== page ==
Kenya’s security and counter-terrorism agencies are pressuring mobile operators to gain access to customer data, then using that information to commit gross human rights abuses, according to a new report by UK-based human rights watchdog Privacy International

Intelligence agencies using the pretext of counter-terrorism are reportedly placing enforcement agents within telco operators’ facilities, circumventing the law or any protocol to access the information, giving government authorities the ability “to spy on, profile, locate, track – and ultimately arrest, torture, kill or disappear suspects”, according to the report, which is based on testimonies by intelligence and military officials, operators and regulators.

The report, asserts that telco operators regularly hand over customer data to both intelligence and law enforcement agencies, despite constitutional rights to privacy.

“Telecom operators end up handing over their customers’ data because they largely feel that they cannot decline agencies’ requests, in part due to the vagueness of the law and industry regulations. Several operators spoke of the threat - either direct or implicit - that their licenses would be revoked if they failed to comply,” the report states.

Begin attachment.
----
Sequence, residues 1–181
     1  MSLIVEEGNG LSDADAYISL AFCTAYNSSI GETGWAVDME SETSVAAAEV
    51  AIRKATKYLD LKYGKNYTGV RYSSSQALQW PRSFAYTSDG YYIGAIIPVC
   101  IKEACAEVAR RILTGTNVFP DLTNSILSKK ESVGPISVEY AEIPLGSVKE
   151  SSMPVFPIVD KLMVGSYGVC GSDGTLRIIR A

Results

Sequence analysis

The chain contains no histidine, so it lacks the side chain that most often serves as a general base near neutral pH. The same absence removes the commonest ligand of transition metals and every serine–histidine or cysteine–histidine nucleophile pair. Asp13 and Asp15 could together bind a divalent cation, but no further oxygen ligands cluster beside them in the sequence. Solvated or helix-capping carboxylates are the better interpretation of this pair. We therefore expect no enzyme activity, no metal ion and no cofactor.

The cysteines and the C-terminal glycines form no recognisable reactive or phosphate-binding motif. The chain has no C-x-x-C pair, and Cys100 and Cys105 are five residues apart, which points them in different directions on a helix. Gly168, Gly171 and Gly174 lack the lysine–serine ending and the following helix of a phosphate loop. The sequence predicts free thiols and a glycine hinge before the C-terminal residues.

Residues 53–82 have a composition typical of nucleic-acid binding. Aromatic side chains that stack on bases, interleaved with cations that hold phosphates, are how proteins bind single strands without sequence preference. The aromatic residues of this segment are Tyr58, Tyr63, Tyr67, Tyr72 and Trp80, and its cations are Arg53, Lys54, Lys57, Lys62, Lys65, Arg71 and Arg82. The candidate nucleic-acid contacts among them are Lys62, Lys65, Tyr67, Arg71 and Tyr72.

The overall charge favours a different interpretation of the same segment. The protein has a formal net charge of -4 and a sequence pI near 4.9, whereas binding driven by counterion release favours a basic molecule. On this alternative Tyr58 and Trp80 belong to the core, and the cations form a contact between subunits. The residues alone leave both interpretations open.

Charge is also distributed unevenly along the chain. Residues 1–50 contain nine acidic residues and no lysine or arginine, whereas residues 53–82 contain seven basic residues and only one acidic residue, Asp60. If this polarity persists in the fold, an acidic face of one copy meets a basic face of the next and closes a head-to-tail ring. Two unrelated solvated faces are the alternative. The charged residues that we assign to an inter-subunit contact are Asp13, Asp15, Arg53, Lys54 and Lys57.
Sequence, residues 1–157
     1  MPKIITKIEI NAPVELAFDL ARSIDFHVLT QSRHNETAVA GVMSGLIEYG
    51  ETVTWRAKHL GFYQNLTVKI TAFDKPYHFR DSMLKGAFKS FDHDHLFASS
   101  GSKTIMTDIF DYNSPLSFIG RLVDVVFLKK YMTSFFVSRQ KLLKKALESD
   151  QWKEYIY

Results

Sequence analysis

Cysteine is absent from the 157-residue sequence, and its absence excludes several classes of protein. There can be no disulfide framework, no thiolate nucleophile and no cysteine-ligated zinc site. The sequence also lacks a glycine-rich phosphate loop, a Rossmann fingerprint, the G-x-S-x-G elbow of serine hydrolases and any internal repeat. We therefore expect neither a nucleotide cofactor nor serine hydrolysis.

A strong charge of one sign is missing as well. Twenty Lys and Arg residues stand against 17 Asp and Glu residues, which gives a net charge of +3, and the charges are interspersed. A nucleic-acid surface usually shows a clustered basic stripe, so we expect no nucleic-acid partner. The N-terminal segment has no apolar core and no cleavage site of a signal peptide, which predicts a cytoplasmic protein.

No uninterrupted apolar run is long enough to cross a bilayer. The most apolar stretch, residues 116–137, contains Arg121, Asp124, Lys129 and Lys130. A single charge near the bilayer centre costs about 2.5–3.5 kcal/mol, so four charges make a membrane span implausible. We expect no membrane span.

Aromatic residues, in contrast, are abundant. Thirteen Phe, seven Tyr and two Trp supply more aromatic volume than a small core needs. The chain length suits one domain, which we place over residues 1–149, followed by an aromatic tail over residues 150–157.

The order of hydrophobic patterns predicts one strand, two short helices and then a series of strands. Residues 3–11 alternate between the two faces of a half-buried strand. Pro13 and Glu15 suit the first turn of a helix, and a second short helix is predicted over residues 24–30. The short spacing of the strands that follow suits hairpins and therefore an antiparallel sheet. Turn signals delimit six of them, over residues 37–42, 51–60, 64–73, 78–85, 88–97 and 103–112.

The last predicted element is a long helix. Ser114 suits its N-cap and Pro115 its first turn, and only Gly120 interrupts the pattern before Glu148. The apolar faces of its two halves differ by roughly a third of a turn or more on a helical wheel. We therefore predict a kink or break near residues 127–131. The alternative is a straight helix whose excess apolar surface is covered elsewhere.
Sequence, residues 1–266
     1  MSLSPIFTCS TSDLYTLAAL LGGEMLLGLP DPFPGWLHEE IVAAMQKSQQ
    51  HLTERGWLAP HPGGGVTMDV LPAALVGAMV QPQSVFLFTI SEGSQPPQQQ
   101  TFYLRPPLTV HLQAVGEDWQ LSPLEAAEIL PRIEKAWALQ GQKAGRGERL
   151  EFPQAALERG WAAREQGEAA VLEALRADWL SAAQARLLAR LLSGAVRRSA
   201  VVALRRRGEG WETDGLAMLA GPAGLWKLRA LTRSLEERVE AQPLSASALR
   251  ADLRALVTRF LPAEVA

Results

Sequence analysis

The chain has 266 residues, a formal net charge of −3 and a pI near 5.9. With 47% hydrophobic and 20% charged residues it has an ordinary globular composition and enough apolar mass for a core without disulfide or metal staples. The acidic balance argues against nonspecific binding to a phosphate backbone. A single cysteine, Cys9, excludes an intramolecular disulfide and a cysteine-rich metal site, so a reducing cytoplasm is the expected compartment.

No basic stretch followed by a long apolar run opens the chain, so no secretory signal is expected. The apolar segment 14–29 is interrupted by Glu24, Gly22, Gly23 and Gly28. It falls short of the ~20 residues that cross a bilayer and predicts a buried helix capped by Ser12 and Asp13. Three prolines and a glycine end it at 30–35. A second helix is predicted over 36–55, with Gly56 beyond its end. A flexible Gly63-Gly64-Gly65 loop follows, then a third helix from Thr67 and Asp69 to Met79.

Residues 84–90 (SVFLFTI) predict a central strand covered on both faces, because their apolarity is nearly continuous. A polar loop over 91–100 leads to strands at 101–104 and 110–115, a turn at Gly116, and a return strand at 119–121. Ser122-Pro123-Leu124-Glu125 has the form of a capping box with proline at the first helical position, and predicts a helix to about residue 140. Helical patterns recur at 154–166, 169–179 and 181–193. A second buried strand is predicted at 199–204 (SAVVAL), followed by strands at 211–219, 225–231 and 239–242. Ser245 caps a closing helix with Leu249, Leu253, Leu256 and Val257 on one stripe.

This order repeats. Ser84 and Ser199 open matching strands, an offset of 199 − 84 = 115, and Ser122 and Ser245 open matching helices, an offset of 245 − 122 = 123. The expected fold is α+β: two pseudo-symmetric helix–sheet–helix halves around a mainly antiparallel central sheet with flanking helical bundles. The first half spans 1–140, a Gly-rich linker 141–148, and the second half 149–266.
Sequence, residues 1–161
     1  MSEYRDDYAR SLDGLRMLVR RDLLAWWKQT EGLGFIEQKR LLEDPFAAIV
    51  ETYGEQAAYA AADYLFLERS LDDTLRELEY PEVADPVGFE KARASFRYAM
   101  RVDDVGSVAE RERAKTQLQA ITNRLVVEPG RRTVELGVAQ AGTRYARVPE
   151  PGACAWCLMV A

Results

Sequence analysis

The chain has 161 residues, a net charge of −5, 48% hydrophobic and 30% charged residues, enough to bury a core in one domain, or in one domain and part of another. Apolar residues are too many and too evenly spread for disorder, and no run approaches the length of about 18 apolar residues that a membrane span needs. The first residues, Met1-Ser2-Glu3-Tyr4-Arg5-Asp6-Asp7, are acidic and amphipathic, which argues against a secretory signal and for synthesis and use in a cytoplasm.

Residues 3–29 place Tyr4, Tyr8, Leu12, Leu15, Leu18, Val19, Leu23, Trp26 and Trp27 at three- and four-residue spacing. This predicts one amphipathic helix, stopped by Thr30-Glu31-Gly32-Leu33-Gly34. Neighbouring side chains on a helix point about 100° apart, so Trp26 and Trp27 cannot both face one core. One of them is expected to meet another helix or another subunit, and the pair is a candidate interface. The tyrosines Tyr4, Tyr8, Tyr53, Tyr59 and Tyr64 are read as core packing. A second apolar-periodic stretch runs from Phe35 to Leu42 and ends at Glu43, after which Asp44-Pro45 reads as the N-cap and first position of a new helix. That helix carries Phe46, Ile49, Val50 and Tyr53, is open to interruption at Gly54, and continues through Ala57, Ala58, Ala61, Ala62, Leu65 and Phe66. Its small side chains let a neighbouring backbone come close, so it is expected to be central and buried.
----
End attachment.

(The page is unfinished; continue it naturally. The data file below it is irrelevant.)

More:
It also says law enforcement officers and National Intelligence Services agents are physically present in facilities owned by telcos, including Safaricom, which has a 60% share of the Kenya mobile market, and is 40% owned by Vodafone.

The report reprints an email from Bob Collymore, chief executive at Safaricom, denying the allegations. Collymore says while the company works closely with law enforcement officers “to safeguard the integrity of M-Pesa [its mobile money platform] transactions and to provide information required by courts in the administration of justice …. Safaricom “ha[s] no relationship with NIS as relates to communication surveillance in Kenya; and we do not have any officers or other representatives of the NIS who are employed, formally or informally, at Safaricom.” Collymore said the firm only provides information as required by courts and upon receipt of relevant court orders. “Only authorised Safaricom staff have access to systems and tools that can access confidential customer information and this access is controlled and monitored,” the email says.

This is part of our big data and human rights briefing. See also:

Protecting privacy in the digital age

Refusing to dance with dictators

Big data shines light on supply chains

Barclays executive banks on blockchain


Human rights  Safaricom  ICT  Vodafone 

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